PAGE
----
David Westcott will take over as chairman of the National Automobile Dealers Association this month at the 2013 NADA Convention and Expo. He is the owner of David Westcott Buick GMC Suzuki in Burlington, N.C., and served as the vice chairman of the NADA in 2012. He also represents North Carolina’s franchised dealers on the NADA’s board of directors.
F&I: What do you think was the hot topic of 2012?
Westcott: Two-tier pricing and mandatory facility upgrades. They are symptoms of a bigger overall problem: manufacturer intrusion into dealers’ businesses. Two-tier pricing is a critical issue, and the NADA will continue its discussions with manufacturers. I recently surveyed our 63-member board of directors, and it is at the top of their list of concerns. But we have to be cautious when talking about it, because we’re not suggesting that incentive payments go away, but that they are fair and equitable to all dealers.
The facilities issue is another major concern. As 2012 NADA Chairman Bill Underriner stated to the Automotive Press Association in Detroit last October, facility image programs have to be flexible. Auto manufacturers that build flexibility into these programs have more success. There are still no answers yet in terms of what the return on investment is for dealers after renovating or building new facilities, which has made it necessary for the NADA to try to gather some of our own data.
We hope to have some conclusions to our study relative to facilities very soon. We are also taking a look at what the dealership of the future will be — not only how it will perform, but how it will look from a brick-and-mortar standpoint and from a selling process standpoint.
F&I: We saw some very positive signs in the third quarter 2012. Where do you think we are in our recovery drive?
Westcott: Low interest rates on auto loans, an aging fleet of vehicles on the road that need to be replaced, declining gasoline prices and exciting new vehicles on display at U.S. auto shows are all positive signs for the industry. The theme of the NADA convention this year is “Momentum.” I’m optimistic by nature, as are most car dealers. We expect to build on the momentum that the industry experienced in 2012, when new-car sales continued to lead a slow but steady economic recovery.
F&I: Is there anything that can threaten that recovery?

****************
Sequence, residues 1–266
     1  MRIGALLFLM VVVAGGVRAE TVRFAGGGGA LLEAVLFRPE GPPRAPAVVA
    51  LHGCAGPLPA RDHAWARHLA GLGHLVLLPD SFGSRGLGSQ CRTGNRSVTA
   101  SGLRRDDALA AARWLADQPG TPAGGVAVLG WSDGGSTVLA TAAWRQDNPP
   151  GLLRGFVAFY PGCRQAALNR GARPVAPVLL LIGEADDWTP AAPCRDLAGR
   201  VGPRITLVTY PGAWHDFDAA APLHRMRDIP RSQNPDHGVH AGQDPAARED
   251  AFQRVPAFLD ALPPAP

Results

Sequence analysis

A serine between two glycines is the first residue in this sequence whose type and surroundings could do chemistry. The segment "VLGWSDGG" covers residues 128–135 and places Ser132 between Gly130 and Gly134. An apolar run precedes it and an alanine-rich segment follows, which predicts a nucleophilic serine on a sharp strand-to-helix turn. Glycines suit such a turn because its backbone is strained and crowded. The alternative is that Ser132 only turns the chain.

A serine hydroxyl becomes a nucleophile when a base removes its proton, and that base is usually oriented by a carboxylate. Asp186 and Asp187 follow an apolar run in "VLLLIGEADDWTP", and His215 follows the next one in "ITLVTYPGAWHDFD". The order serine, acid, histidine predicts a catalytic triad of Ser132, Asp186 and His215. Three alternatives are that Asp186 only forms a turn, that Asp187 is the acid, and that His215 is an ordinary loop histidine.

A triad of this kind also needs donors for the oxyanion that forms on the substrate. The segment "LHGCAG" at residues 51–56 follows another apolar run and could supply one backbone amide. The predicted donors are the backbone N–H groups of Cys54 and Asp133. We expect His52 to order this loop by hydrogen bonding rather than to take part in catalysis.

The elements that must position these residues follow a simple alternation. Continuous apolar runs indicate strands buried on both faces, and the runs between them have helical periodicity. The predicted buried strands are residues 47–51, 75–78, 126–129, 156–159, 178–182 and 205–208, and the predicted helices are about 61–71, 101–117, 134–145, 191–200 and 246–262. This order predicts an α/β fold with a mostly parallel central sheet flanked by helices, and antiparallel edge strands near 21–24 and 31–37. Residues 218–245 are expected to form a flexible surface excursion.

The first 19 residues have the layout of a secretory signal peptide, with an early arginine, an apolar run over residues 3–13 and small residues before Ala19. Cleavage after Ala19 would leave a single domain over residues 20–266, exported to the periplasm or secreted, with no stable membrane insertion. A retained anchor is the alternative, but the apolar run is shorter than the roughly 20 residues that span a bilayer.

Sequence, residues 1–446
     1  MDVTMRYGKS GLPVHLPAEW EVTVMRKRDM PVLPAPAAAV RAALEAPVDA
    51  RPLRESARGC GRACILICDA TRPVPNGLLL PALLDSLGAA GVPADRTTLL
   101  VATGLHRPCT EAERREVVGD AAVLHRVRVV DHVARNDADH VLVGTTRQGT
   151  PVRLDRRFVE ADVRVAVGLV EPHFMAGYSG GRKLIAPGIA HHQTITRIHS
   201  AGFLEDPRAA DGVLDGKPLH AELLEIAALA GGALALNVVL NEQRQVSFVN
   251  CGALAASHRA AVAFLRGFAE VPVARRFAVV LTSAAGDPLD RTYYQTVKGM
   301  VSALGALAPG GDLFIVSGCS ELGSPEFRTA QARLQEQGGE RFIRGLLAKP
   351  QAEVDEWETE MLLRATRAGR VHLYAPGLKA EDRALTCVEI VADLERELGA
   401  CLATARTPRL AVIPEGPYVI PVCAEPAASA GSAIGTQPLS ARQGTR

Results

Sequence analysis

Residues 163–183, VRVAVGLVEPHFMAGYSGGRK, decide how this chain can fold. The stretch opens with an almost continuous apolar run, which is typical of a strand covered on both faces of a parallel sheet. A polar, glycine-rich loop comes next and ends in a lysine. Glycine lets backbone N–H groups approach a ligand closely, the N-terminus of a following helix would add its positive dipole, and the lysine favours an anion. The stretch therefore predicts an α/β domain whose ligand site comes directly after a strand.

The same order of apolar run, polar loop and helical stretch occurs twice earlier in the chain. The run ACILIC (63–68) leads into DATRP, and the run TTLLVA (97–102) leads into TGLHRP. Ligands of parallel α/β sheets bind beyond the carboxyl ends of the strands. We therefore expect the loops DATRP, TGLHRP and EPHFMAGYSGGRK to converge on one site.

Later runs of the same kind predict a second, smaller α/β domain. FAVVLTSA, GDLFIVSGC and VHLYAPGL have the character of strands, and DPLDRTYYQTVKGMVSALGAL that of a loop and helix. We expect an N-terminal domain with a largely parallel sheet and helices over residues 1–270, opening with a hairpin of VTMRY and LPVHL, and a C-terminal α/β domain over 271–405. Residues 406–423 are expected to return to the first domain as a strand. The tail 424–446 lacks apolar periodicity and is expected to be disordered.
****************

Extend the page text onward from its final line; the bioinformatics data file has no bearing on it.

Westcott: Federal regulations in the United States continue to restrain economic growth somewhat. Other than that, we see no immediate domestic factors that would disrupt auto sales and economic growth in 2013. We are concerned about slow growth abroad with some countries in recession, including Spain and Japan.
F&I: Subprime seems to be back. How big do you think that market will be for franchised dealers in 2013?
Westcott: Credit availability for car shoppers with a less-than-perfect credit history continues to improve, and that will be an additional source of strength for the light-vehicle market as we move through 2013. Overall, credit is widely available from a variety of lending sources, and we expect low interest rates will be with us throughout 2013.
F&I: Do you think we’ll ever get to a point where a greater share of vehicle sales will be conducted online?
Westcott: Internet car shopping has been around for nearly 20 years, which provides consumers with information like never before and offers more transparency. It’s important to keep in mind that much of the car-buying experience is already being conducted online, from researching and reviewing vehicles, such as comparing different makes and models, prices at competing dealerships and manufacturer incentives. But the Internet doesn’t allow car shoppers to kick the tires, check out the safety features firsthand and take a test drive.
F&I: How will the NADA move forward with Tesla’s operations this year?
Westcott: We met with the top executives at Tesla Motors back in November. It was constructive and positive, and opens the door for ongoing dialogue. We are firm believers in the franchise system. Relying on individual entrepreneurs has proven, historically, to be the best way to sell, service and distribute cars. Tesla has a different business model for its company and the way it sells its vehicles. Every other major manufacturer relies on its dealer network. And there’s a good reason for that — the franchise system is tried and true. It’s the envy of the rest of the world.
F&I: How do you think the industry will look at the end of 2013?
Westcott: We’re returning to a condition of economic strength but with room to grow. We still have not returned to the peak levels experienced from 2000 to 2007, but auto sales have steadily improved since 2008. Paul Taylor, our chief economist, is predicting that one million more new cars and light trucks will be sold in 2013 compared to 2012.